Up for review this week, we have one of the newest Android devices, the Nexus S by Samsung. Featuring a 4” AMOLED display, a 1 GHz processor, and the latest version of Android (Gingerbread), the Nexus S is a great device for Android fanatics, as well as those entering the smartphone market for the first time.

The Nexus S is available now, and will set you back $529.99 (unlocked) without a contract, or $199.99 with a two year T-Mobile service agreement.

Samsung Nexus S Review

  • Author: Patrick Kortendick of Mobility Digest
  • Operating System: Android 2.3.2
  • Price: $529.99 ($199.99 with T-Mobile service agreement)
  • Manufacturer: Samsung Electronics

Introduction/First Impressions

Editor’s Note: Having always been someone who likes a large feature-set in my phone, I was torn a few months back between Android and Windows Phone 7, before ultimately deciding on WP7 for a variety of reasons. With that being said, my review here also naturally reflects my initial thoughts on the latest build of the Android mobile operating system, in addition to the Nexus S as a device.

Upon receiving the device, I was very excited to hit the ground running. Having only spent limited time with Android in the past, I was enthused to get my hands on the Nexus. Having purchased my first Samsung phone less than a month prior, I was also excited to be testing a device similar to my current handheld.

Using the device, I was initially impressed with the smooth, cosmetic form-factor and the beautiful display. Even the little things like the live wallpaper and grabbed my attention. However, one drawback was noticeable from the start, and that was the ineffective battery life. While a few other hardware features were seemingly absent as well, they did not seem to detract from the overall experience of the phone.

The Nexus S is sold as a Google-branded phone, but Samsung is the OEM for the device, so it holds the build quality of any other Samsung device. By definition, the Nexus S is also sold as an unlocked device, meaning that it will work on any GSM carrier. This can be very handy for world travelers who use different SIM cards in different regions. I was able to use my personal AT&T SIM in the phone, and everything worked as advertised, with the exception of 3G data (as expected).

With that, let’s take a look at some of the specifications and details of the phone.


  • Quad-band GSM: 850, 900, 1800, 1900
  • Tri-band HSPA: 900, 2100, 1700
  • HSPA type: HSDPA (7.2Mbps) HSUPA (5.76Mbps)
  • Wi-Fi 802.11 n/b/g
  • Bluetooth 2.1+EDR
  • Near Field Communication (NFC)
  • Assisted GPS (A-GPS)
  • microUSB 2.0

While the Nexus S is a quad-band GSM phone, it seems that it was built to run on T-Mobile. This is mainly due to the bands it runs on, as AT&T does not use the same bands for 3G data (I was stuck with EDGE when using my AT&T SIM). On a speed test in my area, I was able to get 8.41 Mb/s Downstream and 0.93 Mb/s Upstream, a number that represents HSDPA speeds for T-Mobile. Overall, connectivity is rather quick for both voice and data, and calls are connected within a fraction of a second to the T-Mobile network, with good vocal quality. When it comes to internet however, there is no 4G support built into the Nexus S.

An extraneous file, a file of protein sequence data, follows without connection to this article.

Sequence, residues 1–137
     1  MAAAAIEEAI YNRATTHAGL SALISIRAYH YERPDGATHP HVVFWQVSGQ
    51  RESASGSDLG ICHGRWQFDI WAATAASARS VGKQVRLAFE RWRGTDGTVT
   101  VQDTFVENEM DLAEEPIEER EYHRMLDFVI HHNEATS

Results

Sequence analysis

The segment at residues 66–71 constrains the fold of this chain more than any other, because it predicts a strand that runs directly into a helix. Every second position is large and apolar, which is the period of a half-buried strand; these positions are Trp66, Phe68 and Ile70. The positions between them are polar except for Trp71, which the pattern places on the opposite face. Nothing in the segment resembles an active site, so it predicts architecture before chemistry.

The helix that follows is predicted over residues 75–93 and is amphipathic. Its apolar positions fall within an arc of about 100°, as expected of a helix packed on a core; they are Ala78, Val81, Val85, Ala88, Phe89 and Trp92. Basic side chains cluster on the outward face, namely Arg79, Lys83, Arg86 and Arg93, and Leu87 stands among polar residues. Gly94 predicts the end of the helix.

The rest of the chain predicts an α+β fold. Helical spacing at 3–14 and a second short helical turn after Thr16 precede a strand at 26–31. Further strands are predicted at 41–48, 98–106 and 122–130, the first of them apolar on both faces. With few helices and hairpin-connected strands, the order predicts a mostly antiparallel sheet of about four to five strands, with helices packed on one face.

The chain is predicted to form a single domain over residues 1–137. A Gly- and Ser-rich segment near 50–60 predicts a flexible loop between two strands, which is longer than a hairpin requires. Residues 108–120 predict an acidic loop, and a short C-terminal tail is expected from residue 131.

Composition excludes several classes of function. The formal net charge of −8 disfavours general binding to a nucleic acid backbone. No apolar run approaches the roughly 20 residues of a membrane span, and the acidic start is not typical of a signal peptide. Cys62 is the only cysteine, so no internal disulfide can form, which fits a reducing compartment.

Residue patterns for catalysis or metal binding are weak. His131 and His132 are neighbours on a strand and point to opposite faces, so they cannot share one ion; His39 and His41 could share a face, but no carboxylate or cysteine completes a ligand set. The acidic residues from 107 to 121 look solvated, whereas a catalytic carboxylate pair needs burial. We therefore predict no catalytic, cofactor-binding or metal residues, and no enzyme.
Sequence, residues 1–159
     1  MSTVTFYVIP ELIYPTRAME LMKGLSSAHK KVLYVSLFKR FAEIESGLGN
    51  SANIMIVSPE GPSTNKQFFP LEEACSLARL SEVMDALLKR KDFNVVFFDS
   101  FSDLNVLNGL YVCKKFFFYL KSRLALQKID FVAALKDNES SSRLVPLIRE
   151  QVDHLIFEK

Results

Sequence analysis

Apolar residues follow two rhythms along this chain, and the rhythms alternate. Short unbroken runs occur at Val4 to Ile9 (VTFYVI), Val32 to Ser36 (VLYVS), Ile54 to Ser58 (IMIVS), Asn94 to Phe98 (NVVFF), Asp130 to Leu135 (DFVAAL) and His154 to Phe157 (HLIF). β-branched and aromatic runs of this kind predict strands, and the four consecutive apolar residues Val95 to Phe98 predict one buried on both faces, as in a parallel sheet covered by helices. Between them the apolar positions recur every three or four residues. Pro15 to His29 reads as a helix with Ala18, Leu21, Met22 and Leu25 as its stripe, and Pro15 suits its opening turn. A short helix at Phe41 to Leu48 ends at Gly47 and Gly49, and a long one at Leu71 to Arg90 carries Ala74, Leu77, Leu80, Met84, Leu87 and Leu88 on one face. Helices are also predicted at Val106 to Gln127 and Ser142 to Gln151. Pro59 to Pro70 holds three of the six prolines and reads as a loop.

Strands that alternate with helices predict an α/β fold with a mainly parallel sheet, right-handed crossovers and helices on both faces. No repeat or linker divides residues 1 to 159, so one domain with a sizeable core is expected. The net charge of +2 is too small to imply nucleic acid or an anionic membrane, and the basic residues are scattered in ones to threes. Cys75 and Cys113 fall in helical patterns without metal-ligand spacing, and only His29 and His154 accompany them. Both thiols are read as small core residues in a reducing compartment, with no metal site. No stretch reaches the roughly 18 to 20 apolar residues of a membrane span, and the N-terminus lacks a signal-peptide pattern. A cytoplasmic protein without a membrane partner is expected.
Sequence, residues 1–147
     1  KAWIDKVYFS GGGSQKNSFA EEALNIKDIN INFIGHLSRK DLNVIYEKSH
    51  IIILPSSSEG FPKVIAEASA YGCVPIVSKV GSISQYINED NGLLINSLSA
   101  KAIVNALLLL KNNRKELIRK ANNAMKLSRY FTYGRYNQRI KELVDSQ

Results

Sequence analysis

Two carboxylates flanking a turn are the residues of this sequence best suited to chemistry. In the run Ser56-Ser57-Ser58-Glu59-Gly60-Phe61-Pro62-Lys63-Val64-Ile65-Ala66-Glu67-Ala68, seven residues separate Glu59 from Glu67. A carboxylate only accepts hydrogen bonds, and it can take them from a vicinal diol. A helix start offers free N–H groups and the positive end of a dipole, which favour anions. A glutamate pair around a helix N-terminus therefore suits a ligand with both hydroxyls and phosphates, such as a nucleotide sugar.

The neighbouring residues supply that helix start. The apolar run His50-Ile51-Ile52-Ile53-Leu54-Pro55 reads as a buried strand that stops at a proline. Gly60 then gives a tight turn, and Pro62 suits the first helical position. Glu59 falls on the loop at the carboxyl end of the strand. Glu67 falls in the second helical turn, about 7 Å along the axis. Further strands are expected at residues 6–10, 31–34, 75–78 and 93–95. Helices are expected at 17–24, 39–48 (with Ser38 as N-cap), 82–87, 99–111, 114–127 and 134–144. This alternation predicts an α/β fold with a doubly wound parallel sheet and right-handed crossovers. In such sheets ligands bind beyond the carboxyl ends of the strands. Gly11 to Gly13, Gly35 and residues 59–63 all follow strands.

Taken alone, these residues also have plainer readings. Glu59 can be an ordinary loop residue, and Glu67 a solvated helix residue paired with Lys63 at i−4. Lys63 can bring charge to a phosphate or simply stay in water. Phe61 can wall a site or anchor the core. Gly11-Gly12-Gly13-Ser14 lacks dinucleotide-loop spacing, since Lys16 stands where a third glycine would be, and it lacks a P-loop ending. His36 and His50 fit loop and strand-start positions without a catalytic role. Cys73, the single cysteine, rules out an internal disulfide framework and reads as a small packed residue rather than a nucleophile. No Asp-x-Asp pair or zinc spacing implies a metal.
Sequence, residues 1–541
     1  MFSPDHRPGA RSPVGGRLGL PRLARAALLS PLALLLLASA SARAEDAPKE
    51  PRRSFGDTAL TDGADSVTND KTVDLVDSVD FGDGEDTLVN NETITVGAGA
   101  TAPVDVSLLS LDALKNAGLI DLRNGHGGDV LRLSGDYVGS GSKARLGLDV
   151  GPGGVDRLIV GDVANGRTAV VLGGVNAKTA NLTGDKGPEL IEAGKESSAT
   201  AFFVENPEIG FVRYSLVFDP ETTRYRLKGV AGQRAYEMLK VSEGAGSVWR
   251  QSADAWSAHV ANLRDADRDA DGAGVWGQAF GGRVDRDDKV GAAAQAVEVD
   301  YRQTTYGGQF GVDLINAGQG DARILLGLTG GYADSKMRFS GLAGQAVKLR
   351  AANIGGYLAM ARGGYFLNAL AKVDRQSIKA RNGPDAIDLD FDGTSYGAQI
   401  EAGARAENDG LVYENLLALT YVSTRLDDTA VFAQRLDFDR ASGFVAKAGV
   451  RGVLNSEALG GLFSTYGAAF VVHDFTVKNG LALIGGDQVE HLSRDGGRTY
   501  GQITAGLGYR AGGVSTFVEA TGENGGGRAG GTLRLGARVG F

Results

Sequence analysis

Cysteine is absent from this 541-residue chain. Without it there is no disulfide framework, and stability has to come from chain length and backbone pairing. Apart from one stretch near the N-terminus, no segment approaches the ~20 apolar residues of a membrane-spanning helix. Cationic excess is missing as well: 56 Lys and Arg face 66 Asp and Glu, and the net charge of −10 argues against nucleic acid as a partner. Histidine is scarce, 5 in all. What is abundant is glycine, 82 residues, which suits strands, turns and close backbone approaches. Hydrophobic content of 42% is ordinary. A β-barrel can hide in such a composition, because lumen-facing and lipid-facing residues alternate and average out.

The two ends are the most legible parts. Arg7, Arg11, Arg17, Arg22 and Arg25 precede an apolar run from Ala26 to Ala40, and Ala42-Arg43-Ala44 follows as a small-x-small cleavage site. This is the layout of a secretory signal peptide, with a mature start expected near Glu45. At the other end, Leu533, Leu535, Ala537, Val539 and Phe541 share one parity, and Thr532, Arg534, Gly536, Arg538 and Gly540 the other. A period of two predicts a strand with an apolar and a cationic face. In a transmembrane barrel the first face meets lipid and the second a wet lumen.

As for WiFi, connections start up and connect quickly to provide a quick alternative to cellular data (This was useful when testing with an AT&T SIM). Unfortunately, this also affects the battery life, so if you’re on an unlimited data plan, I suggest leaving it off.

As for other communication aspects of the device, the GPS works very well. On several separate occasions, I was able to obtain a signal lock within seconds of opening up a location-based program, such as Google Navigation or Latitude. There was no apparent signal stuttering, as well as no drops. Accuracy was also measurable within just a few feet of my physical location. While the GPS also noticeably affects the battery level, it seems to do so less than other devices I’ve worked with in the past.

MicroUSB is present for connectivity and charging purposes, and data transfer rates over the cable represent those of a standard USB 2.0 connection. I was able to successfully plug the Nexus into my computer for file storage, as well as placing the device in debug mode. File transfers to and from the device were comparable to that of a standard USB flash drive in terms of speed.


  • 4.0″ WVGA (480×800)
  • Contour Display with curved glass screen
  • Super AMOLED
  • 235 ppi
  • Capacitive touch sensor
  • Anti-fingerprint display coating

Hands down, the display on the Nexus S is one of the most impressive things about the device. A 4” Super AMOLED display, the screen is 480 x 800 in resolution, and looks beautiful for animations and media. The fine detail also allows for smaller (and readable) font sizes for those with better eyes. Since the device has a AMOLED display, there is also a battery-saving aspect to it as any black pixels are actually off with no power being supplied to them. Android plays into this well with a darker theme, and black menus and navigation. Physically, the screen also has a slight curve to the it which Google dubs the “Contour display,” and seems to slightly improve the viewing angle on the device.

This display performance is evidenced all over, including upon booting the device with custom home screen animations. I can almost guarantee that when you notice the Nexus live wallpaper, you will spend more time then you want to by playing with it. Unfortunately, it does drain the battery quicker, but if you want some extra eye candy, there’s plenty of Live Wallpaper options to show off the display and CPU.

Size and weight

  • 63mm x 123.9mm x 10.88mm
  • 129g

All things considered, this device is very manageable in terms of size. With a 4” screen, the device is larger by definition, but there isn’t much more size to it other than the screen height/width and the depth of the battery. It’s also rather light, with most of the weight being that of the battery. Overall, the Nexus S is rather comparable to other smartphones of the day in size, including the iPhone 4 and other Android and Windows Phone 7 devices.